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Intersection of Life and Faith

Eight Ways to Discover Your Passions

  • Carole Gift Page Guest Author
  • 2001 7 Sep
Eight Ways to Discover Your Passions
1. Focus on the three aspects of passion (love, hate, and fear). Then write down the three things you love the most, the three things you hate the most, and the three things you fear the most. Write quickly, the first thoughts that come to you. Be scrupulously honest with yourself. You'll find it is easiest to put down what you love, a little harder to determine what you hate, and hardest of all to admit what you fear. But you may experience a liberating sensation as you face your fears and name them one by one.
Need a little prompting?
When I took this quiz many years ago, I put down "God, my family, and writing" for what I loved most. What I hated most was abortion, and what I feared most was the loss of a child (that fear was shortly realized, but more about that later).
2. Write a paragraph about each of the passions you've listed, telling more about each one and what prompted you to feel this way. For example, you love quilting because it was something you did with your grandmother when you were a little girl. You hate divorce because you came from a broken home. You fear public speaking because you froze up in high school speech class.
3. Write a sentence expressing how God can use each passion in your life for your good and His glory. For example, love: A penchant for cooking and entertaining involves a gift of hospitality that can bless your family and community. Hate: Your hatred of abortion or child abuse could lead you to work to overcome these tragedies in our society. Fear: God used my shyness to teach me to rely on Him completely when speaking in public. Maybe you've never thought about how God can use your passions for His glory. That's OK. Do your best for now. We'll answer this question further in a future chapter.
4. If you had an entire day to do anything you pleased, and time and money weren't a consideration, what would you do?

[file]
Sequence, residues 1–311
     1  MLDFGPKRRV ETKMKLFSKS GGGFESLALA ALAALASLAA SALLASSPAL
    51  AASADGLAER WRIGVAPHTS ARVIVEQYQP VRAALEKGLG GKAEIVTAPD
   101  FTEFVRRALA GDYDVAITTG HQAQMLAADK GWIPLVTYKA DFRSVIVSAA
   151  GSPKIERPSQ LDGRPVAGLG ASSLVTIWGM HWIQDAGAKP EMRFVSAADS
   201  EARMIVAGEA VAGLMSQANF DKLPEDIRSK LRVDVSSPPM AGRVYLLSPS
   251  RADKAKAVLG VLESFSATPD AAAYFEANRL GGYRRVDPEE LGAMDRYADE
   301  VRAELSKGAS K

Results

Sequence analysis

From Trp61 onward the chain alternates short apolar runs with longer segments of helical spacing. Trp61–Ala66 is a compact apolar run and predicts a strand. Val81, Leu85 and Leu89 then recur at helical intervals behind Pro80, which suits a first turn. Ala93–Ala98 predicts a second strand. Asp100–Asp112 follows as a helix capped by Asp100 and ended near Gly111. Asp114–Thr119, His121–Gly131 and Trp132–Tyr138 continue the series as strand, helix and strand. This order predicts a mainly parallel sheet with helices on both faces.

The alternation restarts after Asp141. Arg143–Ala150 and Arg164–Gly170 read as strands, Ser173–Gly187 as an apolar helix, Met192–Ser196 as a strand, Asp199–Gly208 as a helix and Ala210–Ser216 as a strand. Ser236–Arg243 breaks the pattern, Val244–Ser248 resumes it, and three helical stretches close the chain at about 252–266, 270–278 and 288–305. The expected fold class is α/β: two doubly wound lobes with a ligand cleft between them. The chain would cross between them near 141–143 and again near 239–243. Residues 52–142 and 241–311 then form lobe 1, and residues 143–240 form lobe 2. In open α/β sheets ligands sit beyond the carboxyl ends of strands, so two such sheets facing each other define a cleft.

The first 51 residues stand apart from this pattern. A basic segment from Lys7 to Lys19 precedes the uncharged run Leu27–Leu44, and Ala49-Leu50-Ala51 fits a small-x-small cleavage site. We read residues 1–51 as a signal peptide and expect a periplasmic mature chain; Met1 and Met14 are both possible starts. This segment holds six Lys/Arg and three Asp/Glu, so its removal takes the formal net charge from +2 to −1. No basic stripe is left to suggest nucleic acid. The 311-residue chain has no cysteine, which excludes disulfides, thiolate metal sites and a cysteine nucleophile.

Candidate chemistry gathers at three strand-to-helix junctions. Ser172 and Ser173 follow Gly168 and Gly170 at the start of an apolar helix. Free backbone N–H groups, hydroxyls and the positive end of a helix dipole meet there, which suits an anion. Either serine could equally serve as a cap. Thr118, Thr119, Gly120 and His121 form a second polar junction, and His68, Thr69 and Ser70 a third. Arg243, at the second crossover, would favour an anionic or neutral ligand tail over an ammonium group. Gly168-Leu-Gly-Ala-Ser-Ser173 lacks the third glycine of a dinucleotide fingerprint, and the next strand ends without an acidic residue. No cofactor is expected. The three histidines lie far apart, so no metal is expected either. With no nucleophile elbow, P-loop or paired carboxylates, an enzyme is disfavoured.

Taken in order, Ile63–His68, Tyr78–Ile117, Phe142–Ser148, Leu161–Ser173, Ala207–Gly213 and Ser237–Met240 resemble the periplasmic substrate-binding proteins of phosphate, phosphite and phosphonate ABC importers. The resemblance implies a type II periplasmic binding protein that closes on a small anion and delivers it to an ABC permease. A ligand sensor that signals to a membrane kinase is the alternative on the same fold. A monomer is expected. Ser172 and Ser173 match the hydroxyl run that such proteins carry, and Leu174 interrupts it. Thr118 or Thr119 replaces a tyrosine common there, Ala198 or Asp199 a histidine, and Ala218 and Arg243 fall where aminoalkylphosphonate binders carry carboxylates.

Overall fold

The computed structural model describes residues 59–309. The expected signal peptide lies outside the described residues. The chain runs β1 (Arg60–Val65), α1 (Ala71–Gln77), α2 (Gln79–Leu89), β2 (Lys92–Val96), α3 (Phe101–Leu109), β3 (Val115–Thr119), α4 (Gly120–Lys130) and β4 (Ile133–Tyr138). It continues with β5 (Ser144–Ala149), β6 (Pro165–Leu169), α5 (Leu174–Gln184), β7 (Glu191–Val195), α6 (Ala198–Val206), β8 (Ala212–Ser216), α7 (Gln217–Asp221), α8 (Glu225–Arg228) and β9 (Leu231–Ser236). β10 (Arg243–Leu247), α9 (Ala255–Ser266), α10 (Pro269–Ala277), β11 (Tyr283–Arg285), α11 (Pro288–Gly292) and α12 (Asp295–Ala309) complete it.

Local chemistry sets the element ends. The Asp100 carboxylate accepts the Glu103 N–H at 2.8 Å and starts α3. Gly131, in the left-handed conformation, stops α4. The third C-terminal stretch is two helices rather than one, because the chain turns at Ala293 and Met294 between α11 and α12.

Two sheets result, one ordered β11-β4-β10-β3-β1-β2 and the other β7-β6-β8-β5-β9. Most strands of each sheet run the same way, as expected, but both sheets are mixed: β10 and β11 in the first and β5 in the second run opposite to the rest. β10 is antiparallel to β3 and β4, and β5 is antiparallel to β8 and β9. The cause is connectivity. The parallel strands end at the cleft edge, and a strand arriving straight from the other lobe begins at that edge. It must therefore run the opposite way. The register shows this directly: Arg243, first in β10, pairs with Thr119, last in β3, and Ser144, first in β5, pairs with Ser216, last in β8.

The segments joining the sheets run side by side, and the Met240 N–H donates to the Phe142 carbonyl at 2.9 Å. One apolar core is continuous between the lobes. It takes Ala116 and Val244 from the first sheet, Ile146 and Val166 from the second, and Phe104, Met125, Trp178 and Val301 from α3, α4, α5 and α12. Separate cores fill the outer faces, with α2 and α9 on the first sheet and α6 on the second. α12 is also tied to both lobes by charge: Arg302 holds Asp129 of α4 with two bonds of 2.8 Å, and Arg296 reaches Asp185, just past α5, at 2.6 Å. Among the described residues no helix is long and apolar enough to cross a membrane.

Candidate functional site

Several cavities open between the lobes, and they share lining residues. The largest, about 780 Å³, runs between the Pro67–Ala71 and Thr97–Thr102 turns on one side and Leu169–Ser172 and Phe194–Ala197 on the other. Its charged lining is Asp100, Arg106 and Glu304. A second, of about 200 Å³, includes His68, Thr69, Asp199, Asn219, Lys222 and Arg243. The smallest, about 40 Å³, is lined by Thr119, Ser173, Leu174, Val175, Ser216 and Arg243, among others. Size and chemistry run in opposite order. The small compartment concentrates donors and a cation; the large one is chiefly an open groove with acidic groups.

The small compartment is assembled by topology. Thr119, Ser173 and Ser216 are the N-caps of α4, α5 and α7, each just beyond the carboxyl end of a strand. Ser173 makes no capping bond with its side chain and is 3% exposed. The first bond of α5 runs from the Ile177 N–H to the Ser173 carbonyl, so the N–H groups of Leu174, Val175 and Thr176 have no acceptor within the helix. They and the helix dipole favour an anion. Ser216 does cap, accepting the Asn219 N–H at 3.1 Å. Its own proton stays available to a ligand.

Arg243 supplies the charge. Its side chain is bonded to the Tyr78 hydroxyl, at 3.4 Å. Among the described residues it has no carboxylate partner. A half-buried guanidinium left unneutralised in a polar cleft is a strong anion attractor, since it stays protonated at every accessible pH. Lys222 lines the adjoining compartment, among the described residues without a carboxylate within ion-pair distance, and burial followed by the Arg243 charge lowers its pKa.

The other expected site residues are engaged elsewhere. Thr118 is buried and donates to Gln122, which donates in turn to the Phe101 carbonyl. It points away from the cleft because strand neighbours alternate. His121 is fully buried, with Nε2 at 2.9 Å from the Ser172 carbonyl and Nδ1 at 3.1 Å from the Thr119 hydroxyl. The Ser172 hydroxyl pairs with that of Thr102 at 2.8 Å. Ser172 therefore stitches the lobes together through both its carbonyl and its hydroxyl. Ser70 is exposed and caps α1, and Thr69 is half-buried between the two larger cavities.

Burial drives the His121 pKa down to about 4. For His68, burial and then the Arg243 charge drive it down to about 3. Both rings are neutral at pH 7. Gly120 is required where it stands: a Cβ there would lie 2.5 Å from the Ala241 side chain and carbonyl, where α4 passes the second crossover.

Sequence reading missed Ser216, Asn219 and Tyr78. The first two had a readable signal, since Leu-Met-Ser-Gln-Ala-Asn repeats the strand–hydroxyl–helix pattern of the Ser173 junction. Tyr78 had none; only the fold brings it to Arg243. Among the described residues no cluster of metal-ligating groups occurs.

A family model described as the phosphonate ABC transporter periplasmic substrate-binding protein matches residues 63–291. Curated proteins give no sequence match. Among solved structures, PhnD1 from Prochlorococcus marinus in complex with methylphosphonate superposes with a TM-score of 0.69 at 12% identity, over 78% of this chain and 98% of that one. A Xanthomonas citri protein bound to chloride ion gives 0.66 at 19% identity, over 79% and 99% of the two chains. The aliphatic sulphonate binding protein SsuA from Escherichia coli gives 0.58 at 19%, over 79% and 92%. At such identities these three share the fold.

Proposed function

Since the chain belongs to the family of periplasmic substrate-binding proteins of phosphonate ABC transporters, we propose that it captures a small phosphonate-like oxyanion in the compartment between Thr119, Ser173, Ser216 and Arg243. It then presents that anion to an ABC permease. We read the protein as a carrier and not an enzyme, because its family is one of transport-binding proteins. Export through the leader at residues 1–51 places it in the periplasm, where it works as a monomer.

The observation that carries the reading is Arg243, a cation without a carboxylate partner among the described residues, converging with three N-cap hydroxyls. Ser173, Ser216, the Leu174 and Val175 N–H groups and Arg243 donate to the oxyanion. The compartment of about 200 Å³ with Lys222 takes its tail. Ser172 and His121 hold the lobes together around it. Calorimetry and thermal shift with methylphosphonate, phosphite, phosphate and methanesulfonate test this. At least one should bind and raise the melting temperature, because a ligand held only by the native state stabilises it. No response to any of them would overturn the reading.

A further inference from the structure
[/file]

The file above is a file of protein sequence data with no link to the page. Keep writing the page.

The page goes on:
5. What do you do just for yourself because it feeds your soul and renews your spirit? Or what do you wish you could do if you just had the time, money, or opportunity?
6. If you could be anything you desired in life, regardless of time, money, and circumstances, what would it be?
7. Which do you prefer -- working with your mind, working with your hands, or working with other people? Describe how the approach you prefer is evidenced in your daily life. For example, "I'm an accountant who enjoys working with my mind. ... I'm an artist who loves working with my hands. ... I'm a social worker who thrives on helping others."
8. Is it possible the primary work you do at home or in your career is not your preferred approach? For example, "I'm a technical writer, but I'd rather be out among people. ... I'm a junior high school teacher, but I'd rather be in a library doing historical research. ... I'm a legal secretary, but I'd rather be a seamstress."
If the work you do differs from the approach you prefer, describe the conflicting feelings you experience. Can you think of ways to utilize more fully the technique you prefer? For example, if you're a copy editor who would rather be out interacting with people, you might consider teaching a Sunday School class or leading a women's Bible study. If you're a college professor who would rather be working with your hands, take a weekend art class. Even if you can't change careers, find some way to indulge that area of your life you most enjoy.
Or perhaps you find that you truly enjoy not just one but two or three of these methods. You love painting, but you also enjoy teaching others to paint. You're a computer programmer who gets a kick out of running her own business. My passion for writing (the mind) won out over my love of drawing and painting (the hands), but over the years I've come to enjoy teaching writers and speaking to women's groups (people). And, of course, some occupations require that you possess skills in more than one area. A lawyer or a physician had better have a good mind and also be skilled at dealing with people. The same rule applies to teachers.
After answering these questions, do you have a better sense of who you are, what you like, and what's important to you? You may have only begun to scratch the surface of long-buried emotions. The sad truth is that many of us have never really gotten acquainted with our inner selves, the person we are under all the layers of personal, family, and professional commitments. We have allowed ourselves to drift from one activity to another without ever analyzing whether it's something that fulfills our deepest hungers and yearnings.
But all of that is about to change, for we are on a journey of discovery. We are shedding our sense of apathy and malaise and tapping into the passions and skills that make us unique.

Excerpted from Becoming a Woman of Passion: Discover the Joyous Woman God Created You to Be, by Carole Gift Page. Used by permission of Fleming H. Revell, a division of Baker Book House Company, copyright 2001. All rights to this material are reserved. Materials are not to be distributed to other Web locations for retrieval, published in other media, or mirrored at other sites without written permission from Baker Book House Company, Grand Rapids, Mich.,, 1-800-877-2665.

Carole Gift Page, a prolific author of 43 books, has received two Pacesetter Awards and the C.S. Lewis Honor Book Award.

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